Over the course of twenty-six years, I progressed from an entry-level position at Products Research and Chemical Corporation (PRC) to CEO of the $240 million global company.
With no prior experience, no college degree, and no inside connections, I was hired as a shipping clerk at age 19. My goal? To make enough money to buy skis, boots, and lift tickets for the upcoming ski season.
But my supervisor, Danny Iwamoto, impressed me with his precise vision and clear-cut expectations. So after mastering my daily tasks, I sought out other areas to help and learn more about my company, SEMCO, a subsidiary of PRC that manufactured packaging for use with adhesives and sealants.
I learned the organization’s workflow — from taking a customer’s order to order fulfillment and everything in between — and recognized that the weak link in the paper-laden process was knowing an order’s status. I asked the expediters responsible for finding an order’s status for a customer. They wanted me to look for orders as I moved in and out of the production areas to pick up finished inventory. Doing this was easy, and it made my day more interesting.
My efforts led to a promotion and taught me my first lesson about career advancement:
1. Go above and beyond your assigned duties. Volunteering to take on more responsibilities can alter the course of your career. Look for opportunities that connect you to an influential person, put you face-to-face with different departments, or help you develop new skills. Seek ways to make a real impact. Showing initiative and anticipating needs will make others take notice.
The following year, SEMCO’s general manager was promoted to general manager of the parent company, PRC. His first order of business was to offer me a customer service position in that part of the company — my first desk job. PRC manufactured sealants, adhesives, and coatings for the aerospace, marine, insulated glass, and construction industries. PRC was known for its high-quality products and its poor customer service. Like at SEMCO, keeping track of it wasn’t easy once the order was placed. And, to make matters more difficult, people in some departments weren’t interested in providing me with the information I needed.
What did I do? I approached the problem differently to provide better information to the customers. My goal was never to have customers call back after making their first order inquiry. I set up a process whereby I provided the anticipated shipping date, and then three days before that date, I’d track down the order to see if it was going to ship on time. Then I’d call the customer and report whether the order was on track or would take more time. Either way, customers were grateful that I’d provided the information. They gained confidence that someone was looking out for them.
Through my experience in customer service, I gained another vital lesson:
2. Advocate for the customer. Customer advocacy is both an art and a science. It’s about pleasing customers while showing empathy and patience, but also about managing time and understanding cost-efficient ways to resolve problems. It’s knowing when to put a customer’s interests above the company’s, when to refer a competitor’s product over your own, and when to go straight to upper management. When customers feel heard and valued, you maintain good faith.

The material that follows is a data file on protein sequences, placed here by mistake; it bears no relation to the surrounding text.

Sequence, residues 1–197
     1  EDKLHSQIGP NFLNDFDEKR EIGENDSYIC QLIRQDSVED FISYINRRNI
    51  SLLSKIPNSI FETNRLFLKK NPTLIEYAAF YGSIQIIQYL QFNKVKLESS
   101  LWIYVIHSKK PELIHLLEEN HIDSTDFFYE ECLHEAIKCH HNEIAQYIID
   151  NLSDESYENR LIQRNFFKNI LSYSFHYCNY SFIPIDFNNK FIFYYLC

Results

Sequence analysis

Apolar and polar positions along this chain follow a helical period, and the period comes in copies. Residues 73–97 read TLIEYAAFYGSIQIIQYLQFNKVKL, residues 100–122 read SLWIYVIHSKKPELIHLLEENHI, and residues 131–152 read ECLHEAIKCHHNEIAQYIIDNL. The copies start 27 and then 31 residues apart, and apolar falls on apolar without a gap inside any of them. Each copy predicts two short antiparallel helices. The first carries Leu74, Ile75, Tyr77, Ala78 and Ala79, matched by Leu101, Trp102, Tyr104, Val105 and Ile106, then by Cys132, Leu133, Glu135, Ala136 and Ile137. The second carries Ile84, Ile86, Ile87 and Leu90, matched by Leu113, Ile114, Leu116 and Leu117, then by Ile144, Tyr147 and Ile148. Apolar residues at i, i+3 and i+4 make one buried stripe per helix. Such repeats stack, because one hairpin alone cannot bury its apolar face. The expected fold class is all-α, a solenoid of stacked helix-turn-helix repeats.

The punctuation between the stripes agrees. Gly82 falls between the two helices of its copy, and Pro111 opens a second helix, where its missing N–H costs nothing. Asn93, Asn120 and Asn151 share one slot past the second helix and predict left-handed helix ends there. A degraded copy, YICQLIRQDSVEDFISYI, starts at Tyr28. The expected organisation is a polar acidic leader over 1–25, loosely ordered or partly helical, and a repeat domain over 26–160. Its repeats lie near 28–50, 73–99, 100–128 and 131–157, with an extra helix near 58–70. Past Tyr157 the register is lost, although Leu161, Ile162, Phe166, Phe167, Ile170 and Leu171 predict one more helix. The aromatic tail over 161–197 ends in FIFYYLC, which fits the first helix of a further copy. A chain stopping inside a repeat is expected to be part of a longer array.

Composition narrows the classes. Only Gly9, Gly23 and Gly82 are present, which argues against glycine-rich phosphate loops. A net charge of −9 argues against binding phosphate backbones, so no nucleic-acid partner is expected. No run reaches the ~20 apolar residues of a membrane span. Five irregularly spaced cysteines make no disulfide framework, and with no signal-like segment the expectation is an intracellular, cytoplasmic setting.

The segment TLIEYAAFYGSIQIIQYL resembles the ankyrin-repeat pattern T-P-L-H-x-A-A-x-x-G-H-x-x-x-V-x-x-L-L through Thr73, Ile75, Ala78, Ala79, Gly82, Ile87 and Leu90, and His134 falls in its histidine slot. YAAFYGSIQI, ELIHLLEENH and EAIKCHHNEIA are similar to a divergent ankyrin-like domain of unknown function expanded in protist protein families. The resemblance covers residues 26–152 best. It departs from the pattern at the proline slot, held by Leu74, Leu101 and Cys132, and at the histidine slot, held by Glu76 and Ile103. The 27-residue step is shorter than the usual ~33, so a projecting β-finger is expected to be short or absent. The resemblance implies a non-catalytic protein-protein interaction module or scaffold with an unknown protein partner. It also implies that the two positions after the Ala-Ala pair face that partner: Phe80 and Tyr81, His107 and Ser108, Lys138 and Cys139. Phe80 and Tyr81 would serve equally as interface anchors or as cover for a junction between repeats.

Reports of what I was doing impressed my managers. Two years later, I was offered a promotion to go back to SEMCO as the customer service supervisor. This role marked the first time a team reported directly to me.
I needed to create a positive relationship with my team, so I made an effort always to communicate situations and ask for help in resolving them. The benefit of this approach was that senior managers in sales, manufacturing, quality and engineering took an interest in mentoring me. They willingly answered my questions, and I soon was promoted to sales administration manager, reporting to the national sales manager.
The new corporate vice president and general manager of SEMCO at the time, Dick Cude, took note of my efforts and wanted to develop my sales capabilities. After some training, he offered me the position of national account manager. Imagine! I’d risen from shipping clerk to national accounts manager and part of the executive team in a little more than five years!
With the experience gained through my boss’s encouragement, I learned the next important lesson that allowed me to add value while advancing me into the company’s upper echelons:
3. Create the change. When you learn to dance with change and not be afraid of it, you learn how to sense its arrival in advance to prepare yourself accordingly. You must initiate the process of adjustment that circumstances demand. Sometimes this means that companies need to molt their outer skins the way snakes do. If they don’t transform, they die. Always recognize the need for change — whether adapting to evolving consumer habits or investing in new technology, or merging with a competitor — and you’ll have control over your future.
Going above and beyond my assigned duties to make an impact, putting the customer first, and looking for ways to create positive change led to achieving results in every position I held. In addition, it earned the confidence of my team and company leaders and paved the way for a meteoric rise in PRC.
But the real lesson here is that you can learn from my experience and do this, too!